About us
Artists Merce Cunningham
Merce Cunningham Photo

Merce Cunningham

American Dancer and Choreographer

Movements and Styles: Neo-Dada, Performance Art, Queer Art, Postmodernism

Born: April 16, 1919 - Centralia, Washington, U.S.

Died: July 26, 2009 - New York, New York

Merce Cunningham Timeline

"Dancing is a spiritual exercise in a physical form"

Summary

One of the most innovative artists of the 20th century, Merce Cunningham employed a range of tactics to create his sometimes difficult dance productions that confounded and delighted viewers. Often working with his life partner, avant-garde composer John Cage, Cunningham banished dance's traditional reliance on emotive narrative and instead infused it with a sense of the everyday and ordinary. Embracing chance and allowing dancers more autonomy and choice, Cunningham's dances are grounded in the random and unexpected but can also reveal deep meditations on human relationships and how we exist in the world at large.

Working on the edges of Happenings, Fluxus, and Neo-Dada, Cunningham's collaborative practice led him to work with some of the most innovative musicians, including Pauline Oliveros, David Tudor, and LaMont Young, as well as artists such as Nam June Paik, Robert Rauschenberg, Jasper Johns, Bruce Nauman, and Robert Morris. Inhabiting this intermedia landscape for so many decades, Cunningham's influence can be felt in many corners of the art world.

Key Ideas

Mostly defying categories, Cunningham was a central participant in the group of Neo-Dadaist artists that included John Cage, Robert Rauschenberg, and Jasper Johns. Taking cues from Marcel Duchamp, these artists used found objects to critique high and traditional notions of art and often parodied the self-expression of the Abstract Expressionists. Additionally, Cunningham incorporated the performative aspects of Happenings and Fluxus to push the boundaries of dance.
Perhaps inspired by John Cage, Cunningham largely relied on chance to choreograph his dances. Using playing cards, tossing coins, or sometimes consulting the I-Ching, an ancient Chinese text used for divination, Cunningham would order and arrange movements, sometimes employing ordinary actions, into a dance. According to Cunningham, chance freed his imagination and let him work outside of cultural clich├ęs.
At heart, Cunningham's practice was collaborative. Often he called on musicians and contemporary artists to create scores, set designs, and costumes for his dances. Drawing on Cunningham's interest in chance, the choreographer, musician, and artist would work separately with only the barest structure known to each, and only at the end would the full scope of the production come into focus.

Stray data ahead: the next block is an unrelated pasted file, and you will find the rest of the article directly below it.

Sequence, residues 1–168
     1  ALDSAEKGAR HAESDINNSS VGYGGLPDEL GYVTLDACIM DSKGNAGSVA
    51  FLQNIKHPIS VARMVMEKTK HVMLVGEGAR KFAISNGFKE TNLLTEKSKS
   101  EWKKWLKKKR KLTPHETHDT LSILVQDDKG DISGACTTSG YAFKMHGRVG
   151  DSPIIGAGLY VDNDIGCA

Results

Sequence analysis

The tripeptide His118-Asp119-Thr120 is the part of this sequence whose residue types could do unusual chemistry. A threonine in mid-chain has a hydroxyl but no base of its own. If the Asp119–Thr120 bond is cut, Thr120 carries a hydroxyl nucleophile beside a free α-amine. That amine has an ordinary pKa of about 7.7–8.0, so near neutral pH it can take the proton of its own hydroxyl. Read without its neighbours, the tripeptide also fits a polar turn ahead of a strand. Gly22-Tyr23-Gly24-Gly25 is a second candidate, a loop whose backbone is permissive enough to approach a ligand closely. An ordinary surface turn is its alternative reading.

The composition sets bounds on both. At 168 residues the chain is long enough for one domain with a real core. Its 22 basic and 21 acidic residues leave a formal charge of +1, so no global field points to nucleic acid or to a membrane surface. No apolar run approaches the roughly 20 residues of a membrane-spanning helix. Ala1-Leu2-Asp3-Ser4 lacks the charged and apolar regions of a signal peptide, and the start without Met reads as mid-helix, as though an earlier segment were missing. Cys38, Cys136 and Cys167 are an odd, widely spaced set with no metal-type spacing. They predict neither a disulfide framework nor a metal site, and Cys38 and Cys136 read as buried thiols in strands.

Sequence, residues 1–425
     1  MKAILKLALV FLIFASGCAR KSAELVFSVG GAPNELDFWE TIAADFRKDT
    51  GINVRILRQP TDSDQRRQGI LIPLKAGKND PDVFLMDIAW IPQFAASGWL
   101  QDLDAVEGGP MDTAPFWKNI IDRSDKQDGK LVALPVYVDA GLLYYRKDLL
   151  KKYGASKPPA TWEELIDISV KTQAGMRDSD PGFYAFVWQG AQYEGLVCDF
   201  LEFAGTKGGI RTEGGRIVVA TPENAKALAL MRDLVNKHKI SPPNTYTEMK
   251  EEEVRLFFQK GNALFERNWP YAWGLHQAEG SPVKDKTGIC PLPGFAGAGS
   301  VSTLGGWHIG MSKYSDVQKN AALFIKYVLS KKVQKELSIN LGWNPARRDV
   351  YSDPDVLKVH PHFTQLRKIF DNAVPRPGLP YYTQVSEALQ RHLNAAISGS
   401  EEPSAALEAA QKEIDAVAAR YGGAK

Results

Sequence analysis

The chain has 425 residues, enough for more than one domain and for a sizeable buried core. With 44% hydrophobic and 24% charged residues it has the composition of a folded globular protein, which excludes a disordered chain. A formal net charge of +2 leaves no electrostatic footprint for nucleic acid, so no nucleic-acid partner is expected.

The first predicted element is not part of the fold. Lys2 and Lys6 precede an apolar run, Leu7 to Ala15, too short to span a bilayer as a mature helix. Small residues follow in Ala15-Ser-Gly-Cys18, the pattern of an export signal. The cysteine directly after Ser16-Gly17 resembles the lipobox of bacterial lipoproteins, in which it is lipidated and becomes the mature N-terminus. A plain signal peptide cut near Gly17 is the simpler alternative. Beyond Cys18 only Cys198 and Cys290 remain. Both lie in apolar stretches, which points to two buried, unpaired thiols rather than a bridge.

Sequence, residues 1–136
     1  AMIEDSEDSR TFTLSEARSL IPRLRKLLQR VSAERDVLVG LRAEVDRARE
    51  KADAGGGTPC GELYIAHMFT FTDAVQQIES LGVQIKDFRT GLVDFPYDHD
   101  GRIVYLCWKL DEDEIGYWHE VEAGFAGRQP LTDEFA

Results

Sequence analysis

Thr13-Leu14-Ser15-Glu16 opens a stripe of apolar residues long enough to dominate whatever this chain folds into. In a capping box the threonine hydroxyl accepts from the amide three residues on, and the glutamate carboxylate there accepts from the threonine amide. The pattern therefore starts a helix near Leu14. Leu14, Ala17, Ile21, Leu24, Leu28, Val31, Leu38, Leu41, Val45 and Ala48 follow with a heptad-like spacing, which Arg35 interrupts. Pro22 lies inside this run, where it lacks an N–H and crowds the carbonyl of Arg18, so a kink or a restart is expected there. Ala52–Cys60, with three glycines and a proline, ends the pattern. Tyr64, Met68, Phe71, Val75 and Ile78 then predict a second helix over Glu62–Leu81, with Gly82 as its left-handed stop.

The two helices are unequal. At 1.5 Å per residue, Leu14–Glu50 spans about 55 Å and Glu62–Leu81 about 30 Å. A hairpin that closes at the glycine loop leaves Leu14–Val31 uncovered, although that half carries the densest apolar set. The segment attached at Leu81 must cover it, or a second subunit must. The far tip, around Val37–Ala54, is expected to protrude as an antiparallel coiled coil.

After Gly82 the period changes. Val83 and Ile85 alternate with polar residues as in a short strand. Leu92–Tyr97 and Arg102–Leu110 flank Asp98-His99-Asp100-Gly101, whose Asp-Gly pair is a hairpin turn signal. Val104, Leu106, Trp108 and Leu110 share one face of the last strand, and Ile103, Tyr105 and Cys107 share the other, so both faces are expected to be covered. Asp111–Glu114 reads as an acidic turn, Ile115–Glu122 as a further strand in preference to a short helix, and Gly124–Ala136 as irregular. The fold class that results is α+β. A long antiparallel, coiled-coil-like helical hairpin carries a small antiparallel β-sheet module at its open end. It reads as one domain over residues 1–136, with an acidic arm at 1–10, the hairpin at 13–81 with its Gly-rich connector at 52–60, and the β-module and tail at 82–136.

Over the decades, Cunningham employed new technologies and media into his dances, including electronic music, video, motion sensors, and computer programs. In doing so, he explored and expanded the scope of what dance was capable of doing and reimagined the human body in the process.
Merce Cunningham Photo

Merce Cunningham, born Mercier Philip Cunningham in Centralia, a small town in the state of Washington, was the son of a lawyer Clifford D. Cunningham and Mayme Joach Cunningham. While Merce was still a baby, C. D. Cunningham prosecuted members of the radical labor union, the Industrial Workers of the World, for their participation in the Centralia Massacre (an incident between two groups - veterans and industrial workers - that turned violent).

Influences and Connections

Influences on Artist
Artists, Friends, Movements
Influenced by Artist
Artists, Friends, Movements
Merce Cunningham
Interactive chart with Merce Cunningham's main influences, and the people and ideas that the artist influenced in turn.
View Influences Chart

Artists

Martha GrahamMartha Graham
Marcel DuchampMarcel Duchamp

Personal Contacts

John CageJohn Cage
David TudorDavid Tudor
Elaine de KooningElaine de Kooning
Philip GustonPhilip Guston

Movements

DadaDada
SurrealismSurrealism
Neo-DadaNeo-Dada
New Media

Influences on Artist
Merce Cunningham
Merce Cunningham
Years Worked: 1939 - 2009
Influenced by Artist

Artists

Mark Morris
Beth Gill
Robert Wilson

Personal Contacts

Robert RauschenbergRobert Rauschenberg
Jasper JohnsJasper Johns
Robert MorrisRobert Morris
Bruce NaumanBruce Nauman

Movements

Conceptual ArtConceptual Art
MinimalismMinimalism
Performance ArtPerformance Art
American Modern Dance

If you see an error or typo, please:
tell us
Cite this page

Content compiled and written by Tally de Orellana

Edited and published by The Art Story Contributors

" Artist Overview and Analysis". [Internet]. . TheArtStory.org
Content compiled and written by Tally de Orellana
Edited and published by The Art Story Contributors
Available from:
First published on 25 Mar 2019. Updated and modified regularly.
[Accessed ]